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Amanda Knox has shared the prison habits she had to unlearn after her release in 2015.
After travelling to Perugia, Italy, when she was just 20 years old, Knox was wrongly convicted for the murder of her roommate Meredith Kercher in 2007.
Prosecutors accused the former student and her boyfriend of the time, Raffaele Sollecito, of sexually assaulting and brutally killing Kercher, with the tabloid media sensationalising the story and painting Knox to be a sort of ‘sex-crazed femme fatale’.
However, this all changed in 2011 when she was acquitted and definitively exonerated by the Italian courts in 2015, while a man named Rudy Guede went on to serve 13 years for the crime.
The author and activist has now opened up about her time both inside and outside of prison and the unfathomable impact the case has had on her life in an episode of The Innocence Podcast.
While her circumstances changed, the 34-year-old activist and author discussed how the reverberations of being imprisoned for a crime she didn’t commit continued long after she was freed.
Turning the conversation towards her release, host Kylie Pentelow asked Knox about the things she had to unlearn that most people take for granted.
“I spoke to one man who found it very difficult to open a door because for 12 years, he always had doors opened for him,” says Pentelow, to which Knox responds: “That one really resonates with me.”
Knox then goes on to elaborate on her experience, stating: “The simple practical ones are infinite. Depending on how long you've been in prison, you've just lived a very, very different life.
“So just dealing with interpersonal connections and communication styles and doing your taxes and there's a million different ways that you just haven't had access to the world like a normal person has and so you have to unlearn a lot of prison habits and you have to relearn like a baby.
“How to do very basic things like budgeting, which you've not had to do for decades in some people's cases.”
But one of the biggest issues for Knox is what she describes as the ‘now what?’ question.
Having spent so much time locked within four walls, exonerees get used to taking things day-by-day and fighting for their innocence, so going back to a ‘regular’ life and planning for the future can be hard.
“If you've been fighting for your innocence single-mindedly for years of your life, after that who are you? What do you do with yourself? What do you have to offer the world?” she says.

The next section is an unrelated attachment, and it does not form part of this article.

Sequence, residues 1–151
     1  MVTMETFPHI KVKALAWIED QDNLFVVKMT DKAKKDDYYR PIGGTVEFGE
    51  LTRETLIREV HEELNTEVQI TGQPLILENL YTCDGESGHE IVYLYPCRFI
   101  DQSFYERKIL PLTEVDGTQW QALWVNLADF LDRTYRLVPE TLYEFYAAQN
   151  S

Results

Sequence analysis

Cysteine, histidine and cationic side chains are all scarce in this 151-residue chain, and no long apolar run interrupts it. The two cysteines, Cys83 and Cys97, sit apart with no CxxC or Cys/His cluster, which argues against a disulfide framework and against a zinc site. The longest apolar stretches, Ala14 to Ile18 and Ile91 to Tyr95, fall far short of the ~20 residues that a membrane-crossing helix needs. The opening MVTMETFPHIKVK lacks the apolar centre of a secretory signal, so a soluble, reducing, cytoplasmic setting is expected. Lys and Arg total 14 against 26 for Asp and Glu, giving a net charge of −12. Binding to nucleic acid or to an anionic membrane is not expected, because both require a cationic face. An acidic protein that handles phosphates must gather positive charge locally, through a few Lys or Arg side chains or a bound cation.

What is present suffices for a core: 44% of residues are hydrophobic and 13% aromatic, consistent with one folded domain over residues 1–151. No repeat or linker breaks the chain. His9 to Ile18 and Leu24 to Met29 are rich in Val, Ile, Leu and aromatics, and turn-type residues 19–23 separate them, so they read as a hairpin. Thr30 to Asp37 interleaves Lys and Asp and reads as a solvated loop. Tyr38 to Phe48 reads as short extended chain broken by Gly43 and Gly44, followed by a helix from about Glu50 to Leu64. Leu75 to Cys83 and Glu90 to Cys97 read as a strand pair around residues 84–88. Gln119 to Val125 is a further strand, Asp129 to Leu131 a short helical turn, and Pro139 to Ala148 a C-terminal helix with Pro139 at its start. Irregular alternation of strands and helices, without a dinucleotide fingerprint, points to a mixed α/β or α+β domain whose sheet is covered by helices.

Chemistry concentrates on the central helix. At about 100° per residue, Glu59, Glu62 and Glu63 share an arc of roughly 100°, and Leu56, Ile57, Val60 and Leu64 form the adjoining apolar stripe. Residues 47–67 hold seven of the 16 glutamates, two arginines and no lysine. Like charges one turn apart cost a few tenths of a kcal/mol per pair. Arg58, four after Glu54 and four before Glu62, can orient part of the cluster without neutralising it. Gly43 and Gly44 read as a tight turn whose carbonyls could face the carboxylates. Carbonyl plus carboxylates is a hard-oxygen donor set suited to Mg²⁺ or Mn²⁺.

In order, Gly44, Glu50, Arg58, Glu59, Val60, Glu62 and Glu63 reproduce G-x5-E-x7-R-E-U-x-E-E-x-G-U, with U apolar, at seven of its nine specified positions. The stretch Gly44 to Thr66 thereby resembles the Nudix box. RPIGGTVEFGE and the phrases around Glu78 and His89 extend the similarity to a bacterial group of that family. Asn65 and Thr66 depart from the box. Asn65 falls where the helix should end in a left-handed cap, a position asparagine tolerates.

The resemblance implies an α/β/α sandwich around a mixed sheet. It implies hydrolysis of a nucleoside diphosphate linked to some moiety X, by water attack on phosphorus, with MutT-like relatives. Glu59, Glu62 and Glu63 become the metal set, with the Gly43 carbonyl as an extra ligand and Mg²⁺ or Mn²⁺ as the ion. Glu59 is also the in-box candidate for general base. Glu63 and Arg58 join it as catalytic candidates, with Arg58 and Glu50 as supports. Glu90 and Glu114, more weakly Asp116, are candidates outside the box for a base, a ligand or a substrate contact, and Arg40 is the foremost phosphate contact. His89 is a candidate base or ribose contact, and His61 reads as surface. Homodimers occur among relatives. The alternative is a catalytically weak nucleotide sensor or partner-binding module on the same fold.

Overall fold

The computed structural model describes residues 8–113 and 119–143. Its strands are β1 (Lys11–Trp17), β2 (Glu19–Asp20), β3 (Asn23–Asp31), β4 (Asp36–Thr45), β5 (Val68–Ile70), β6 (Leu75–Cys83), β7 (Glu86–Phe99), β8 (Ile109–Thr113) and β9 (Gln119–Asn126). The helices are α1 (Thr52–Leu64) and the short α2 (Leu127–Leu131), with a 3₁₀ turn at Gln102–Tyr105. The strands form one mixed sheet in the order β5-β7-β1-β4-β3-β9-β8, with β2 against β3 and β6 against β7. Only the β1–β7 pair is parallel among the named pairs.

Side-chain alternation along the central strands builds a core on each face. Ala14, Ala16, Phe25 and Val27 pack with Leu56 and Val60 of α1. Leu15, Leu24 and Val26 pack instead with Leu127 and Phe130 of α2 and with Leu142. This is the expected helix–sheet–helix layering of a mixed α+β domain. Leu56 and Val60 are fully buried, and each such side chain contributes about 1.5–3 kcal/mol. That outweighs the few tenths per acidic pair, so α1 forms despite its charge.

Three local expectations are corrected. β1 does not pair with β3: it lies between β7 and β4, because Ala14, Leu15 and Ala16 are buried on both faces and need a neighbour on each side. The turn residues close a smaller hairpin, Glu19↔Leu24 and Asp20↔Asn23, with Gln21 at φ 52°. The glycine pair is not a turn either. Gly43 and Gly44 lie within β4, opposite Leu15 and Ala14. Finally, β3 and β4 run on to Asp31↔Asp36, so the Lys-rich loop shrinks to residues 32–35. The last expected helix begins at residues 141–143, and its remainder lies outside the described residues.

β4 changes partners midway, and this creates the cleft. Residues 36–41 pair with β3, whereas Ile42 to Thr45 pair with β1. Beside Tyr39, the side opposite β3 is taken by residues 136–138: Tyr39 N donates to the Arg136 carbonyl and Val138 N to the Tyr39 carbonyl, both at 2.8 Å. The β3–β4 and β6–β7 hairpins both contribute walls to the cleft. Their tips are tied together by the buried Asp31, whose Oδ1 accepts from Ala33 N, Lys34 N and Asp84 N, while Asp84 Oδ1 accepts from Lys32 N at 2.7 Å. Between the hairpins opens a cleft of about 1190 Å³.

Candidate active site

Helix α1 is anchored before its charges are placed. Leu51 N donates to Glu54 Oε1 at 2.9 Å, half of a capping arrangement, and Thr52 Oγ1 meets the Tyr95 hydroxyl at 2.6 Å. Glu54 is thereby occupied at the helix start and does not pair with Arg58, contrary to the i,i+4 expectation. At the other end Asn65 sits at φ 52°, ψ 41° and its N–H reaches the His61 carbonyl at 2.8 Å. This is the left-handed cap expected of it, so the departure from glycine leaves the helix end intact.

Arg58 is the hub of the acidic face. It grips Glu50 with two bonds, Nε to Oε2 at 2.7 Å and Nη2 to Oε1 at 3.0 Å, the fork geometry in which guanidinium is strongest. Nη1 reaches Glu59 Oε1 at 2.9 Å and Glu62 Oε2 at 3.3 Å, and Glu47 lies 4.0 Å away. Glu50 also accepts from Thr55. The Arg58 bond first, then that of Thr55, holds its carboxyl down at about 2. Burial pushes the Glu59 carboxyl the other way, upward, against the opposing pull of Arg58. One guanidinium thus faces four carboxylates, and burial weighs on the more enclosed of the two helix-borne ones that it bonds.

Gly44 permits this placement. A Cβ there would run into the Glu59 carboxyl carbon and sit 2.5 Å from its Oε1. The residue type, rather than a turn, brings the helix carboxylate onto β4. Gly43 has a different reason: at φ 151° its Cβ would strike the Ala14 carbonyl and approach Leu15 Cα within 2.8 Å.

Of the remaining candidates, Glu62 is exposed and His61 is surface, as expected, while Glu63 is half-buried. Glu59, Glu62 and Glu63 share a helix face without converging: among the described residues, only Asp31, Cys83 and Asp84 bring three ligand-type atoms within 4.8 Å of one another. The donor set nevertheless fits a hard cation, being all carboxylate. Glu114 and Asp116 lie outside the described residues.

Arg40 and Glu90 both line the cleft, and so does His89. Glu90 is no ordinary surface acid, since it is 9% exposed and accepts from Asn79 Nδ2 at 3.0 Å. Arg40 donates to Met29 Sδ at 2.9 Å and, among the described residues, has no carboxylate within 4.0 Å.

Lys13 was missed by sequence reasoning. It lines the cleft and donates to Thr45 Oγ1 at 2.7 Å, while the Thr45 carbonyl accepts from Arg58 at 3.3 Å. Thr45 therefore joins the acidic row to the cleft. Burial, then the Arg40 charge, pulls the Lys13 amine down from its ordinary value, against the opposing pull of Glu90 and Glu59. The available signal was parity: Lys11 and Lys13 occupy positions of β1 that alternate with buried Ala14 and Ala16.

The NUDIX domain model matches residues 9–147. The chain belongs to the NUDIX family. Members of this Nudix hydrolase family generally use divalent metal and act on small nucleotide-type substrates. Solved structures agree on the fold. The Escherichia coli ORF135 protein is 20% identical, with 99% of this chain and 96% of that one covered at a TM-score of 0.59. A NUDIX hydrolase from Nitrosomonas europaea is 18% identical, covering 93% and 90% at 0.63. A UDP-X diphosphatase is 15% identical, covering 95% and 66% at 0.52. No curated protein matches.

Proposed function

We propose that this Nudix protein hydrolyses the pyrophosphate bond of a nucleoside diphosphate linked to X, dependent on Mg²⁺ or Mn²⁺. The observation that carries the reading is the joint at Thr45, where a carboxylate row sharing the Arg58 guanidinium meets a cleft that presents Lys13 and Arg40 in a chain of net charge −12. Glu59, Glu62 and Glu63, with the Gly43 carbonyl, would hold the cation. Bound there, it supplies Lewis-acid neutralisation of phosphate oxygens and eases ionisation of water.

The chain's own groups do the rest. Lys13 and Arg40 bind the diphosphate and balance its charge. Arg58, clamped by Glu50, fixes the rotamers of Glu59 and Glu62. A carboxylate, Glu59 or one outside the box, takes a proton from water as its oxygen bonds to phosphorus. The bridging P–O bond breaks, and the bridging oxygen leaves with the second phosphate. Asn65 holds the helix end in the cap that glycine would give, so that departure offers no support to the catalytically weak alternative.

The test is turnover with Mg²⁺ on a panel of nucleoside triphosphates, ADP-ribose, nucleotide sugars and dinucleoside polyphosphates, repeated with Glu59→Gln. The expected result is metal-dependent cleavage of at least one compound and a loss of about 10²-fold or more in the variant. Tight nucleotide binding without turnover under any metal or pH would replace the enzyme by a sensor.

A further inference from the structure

“Especially if it's the kind of situation where you feel both a desire to share what you've gone through, but also a desire to just keep it to yourself.”
Earlier on in the episode, Knox described how over-stimulating it was in the first week after her release, something many ex-prisoners have to face after spending a majority of their time with a repetitive schedule and minimal social interaction.
“The first week after I got out, I was so overwhelmed by how much stimulus and interaction that I suddenly had access to,” she says.
“I was used to talking to people I cared about for only an hour at a time, six times a month. And suddenly I was with everyone I loved all at once, and they're there all day long…
“It was overwhelming, to be honest. I almost felt like I needed to stare at a blank wall just to catch up. And I couldn't sleep, I couldn't eat, I was just overstimulated for the first week.”
While it’s been a long and difficult journey, Amanda has rebuilt her life since her exoneration and learned not to take criticism she still faces online personally.
Knox and her husband Christopher Robinson announced the birth of their first child last year, and today she uses her story as a way to inspire others who have been failed by the justice system and the media.
“I think the burden I worry about is that I can't live up to everyone's idea of me, even if it's a positive idea of me,” she says before adding, “But I can be a small person in the void who hears their voice.”
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